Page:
One of three children to Portuguese parents, she was born in Victoria, British Columbia, Canada. She learned to play trombone and ukulele at the age of nine, keyboard at 11, and began composing her own songs at 13. She then formed a trip-hop group called Nelstar, which allowed her to play eight dates on "the village stage" at Lilith Fair.
On performing one night at Lee's Palace, Furtado hooked up with Philosopher Kings lead singer, Gerald Eaton. Gerald would then co-produce he debut album, Whoa, Nelly, when she signed with DreamWorks.
Her style, described by Toronto Sun writer Jane Stevenson as a cross between Macy Gray meets Ivana Santilli, incorporates pop, trip-hop, bossa nova, soul, R&B, hip-hop and folk, was a result of her urge to move beyond the kinds of music that had always emotionally moved her. She has mentioned Cornershop, Beck and Finley Quaye all as factors in her sound.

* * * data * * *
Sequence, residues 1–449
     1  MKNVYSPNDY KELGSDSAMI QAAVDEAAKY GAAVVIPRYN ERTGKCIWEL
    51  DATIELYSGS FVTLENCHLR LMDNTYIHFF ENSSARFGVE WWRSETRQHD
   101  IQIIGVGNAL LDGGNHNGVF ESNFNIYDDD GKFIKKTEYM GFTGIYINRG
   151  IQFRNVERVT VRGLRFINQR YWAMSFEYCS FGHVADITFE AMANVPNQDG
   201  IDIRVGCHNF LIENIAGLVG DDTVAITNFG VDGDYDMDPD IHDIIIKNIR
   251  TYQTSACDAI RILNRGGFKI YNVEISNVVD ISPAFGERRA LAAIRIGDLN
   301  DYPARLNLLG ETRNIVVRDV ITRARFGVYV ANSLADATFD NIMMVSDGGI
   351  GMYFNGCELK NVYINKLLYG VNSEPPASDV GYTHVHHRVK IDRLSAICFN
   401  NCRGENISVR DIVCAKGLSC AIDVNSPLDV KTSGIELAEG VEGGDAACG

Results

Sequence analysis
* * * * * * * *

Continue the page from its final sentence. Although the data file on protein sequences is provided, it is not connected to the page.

Before her record deal, her music was slighty gloomy, along the lines of Portishead and Radiohead. After awhile, she tired of all her songs being depressing. She has been quoted that: "...then I realized good music does not have to be sad, it can be poppy and wonderful and fun, and that's the kind of record I want to make."
Timeline of Noteworthy Events in Nelly Furtado's career